NPA to hold Web conference on adverse-event reporting law
WASHINGTON The Natural Products Association on Monday announced the scheduling of a Web conference this Friday at 2 p.m. featuring two experts—Rick Kingston, president, regulatory and scientific affairs, SafetyCall International and Daniel Fabricant, vice president of scientific and regulatory affairs, Natural Products Association—to help companies understand both the broad and technical aspects of the new adverse-event reporting law.
“As the largest trade association representing both retailers and manufacturers, I can say there are a lot of questions and confusion about how these new rules will work,” Fabricant stated. “Every company needs to know and understand this new law and its ramifications, which is why we are conducting this special session. We will also use the knowledge gained from this session to inform our official comments that we submit to the FDA.”
Weight loss rather than adverse effects driving patient satisfaction with alli
NEW ORLEANS Data presented at the 2007 Annual Scientific Meeting of NAASO, the Obesity Society, found that patient satisfaction with alli, the only FDA- approved, over-the-counter weight loss product, was connected to the product’s effectiveness in helping them lose weight, and not to potential gastrointestinal treatment effects.
Treatment effects are characterized by predictable GI side effects when alli is taken with meals with too much fat.
This is important because these data show that the weight loss achieved with alli strongly motivates subjects to continue treatment regardless if they are experiencing treatment effects.
“Since having my first child, I have been carrying around extra weight and now I’m a mother of three,” stated Jaime Clear, a 28-year-old alli First Team member from Henderson, Nev. “I committed to losing the weight with alli and have lost 20 pounds in 10 weeks. The treatment effects have been manageable and have kept me honest about my diet.” The alli First Team is a group of 406 men and women that was formed after alli was approved by the FDA, and given the opportunity to use alli at no cost before it was available in stores.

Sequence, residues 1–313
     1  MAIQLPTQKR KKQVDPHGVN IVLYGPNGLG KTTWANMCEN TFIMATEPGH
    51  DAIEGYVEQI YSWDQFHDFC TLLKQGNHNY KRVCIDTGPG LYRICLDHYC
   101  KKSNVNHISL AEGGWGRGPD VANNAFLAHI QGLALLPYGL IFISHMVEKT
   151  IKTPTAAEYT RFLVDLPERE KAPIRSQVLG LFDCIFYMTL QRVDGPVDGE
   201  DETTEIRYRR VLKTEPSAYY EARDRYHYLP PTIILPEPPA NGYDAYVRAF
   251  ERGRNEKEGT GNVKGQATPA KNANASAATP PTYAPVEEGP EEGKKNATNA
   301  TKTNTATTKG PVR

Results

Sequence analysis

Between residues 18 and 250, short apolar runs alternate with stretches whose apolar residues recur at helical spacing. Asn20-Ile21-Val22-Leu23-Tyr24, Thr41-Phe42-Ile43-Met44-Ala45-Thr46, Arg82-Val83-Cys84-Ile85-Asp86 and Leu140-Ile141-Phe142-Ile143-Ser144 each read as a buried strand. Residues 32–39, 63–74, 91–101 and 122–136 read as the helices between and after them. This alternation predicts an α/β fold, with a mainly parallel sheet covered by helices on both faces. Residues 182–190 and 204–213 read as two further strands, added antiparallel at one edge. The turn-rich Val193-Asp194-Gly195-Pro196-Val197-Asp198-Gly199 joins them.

In the study, less than 5 percent of subjects stopped taking alli because of treatment effects and were able to maximize their weight loss.
The analysis of controlled studies shows that during the first week of treatment with alli, the overall incidence of most treatment effects was generally low—between 3 percent and 8 percent. The overall rate was 33 percent lower when compared to those taking Xenical (which has 120 mg of orlistat, the active ingredient, as compared to the 60 mg dose found in alli). Researchers determined that when alli was used for three months without physician supervision in a non-controlled setting, the overall incidence of treatment effects was 20 percent lower compared to controlled studies.
“The alli data we’re reviewing show that treatment effects are not a major issue for most patients taking alli because they are highly motivated by the weight loss achieved,” stated Vidhu Bansal-Dev, GlaxoSmithKline Consumer Healthcare director of medical affairs. “In addition, many alli users have repeatedly told us that they view treatment effects as a positive tool to help make them aware of hidden fats in foods.”
In addition to the cumulative data analysis released at NAASO, recently collected consumer data show overall satisfaction with the alli weight loss program was ranked at 85 percent among alli First Team members. Moreover, a new consumer survey conducted by Nielsen and funded by GlaxoSmithKline Consumer Healthcare showed nearly 70 percent of people reported losing weight after starting the alli program.
Amerifit reformulates its AZO Cranberry supplement
CROMWELL, Conn. Amerifit Nutrition on Monday announced the reformulation of its AZO Cranberry supplement to include Probiotic Lactobacillus Sporogenes and vitamin C.
Two tablets now combine 900 mg of natural cranberry powder concentrate, 100 million
CFU’s of Probiotic Lactobacillus Sporogenes to impede the colonization of bad bacteria and stimulate the immune response, with 60 mg of Vitamin C, which acts as an antioxidant.
Studies have shown that cranberry helps block the attachment of urinary tract infection-causing bacteria to the urinary bladder wall, the company reported.
A 50-count package of the new supplement will retail at a suggested price of $8.99.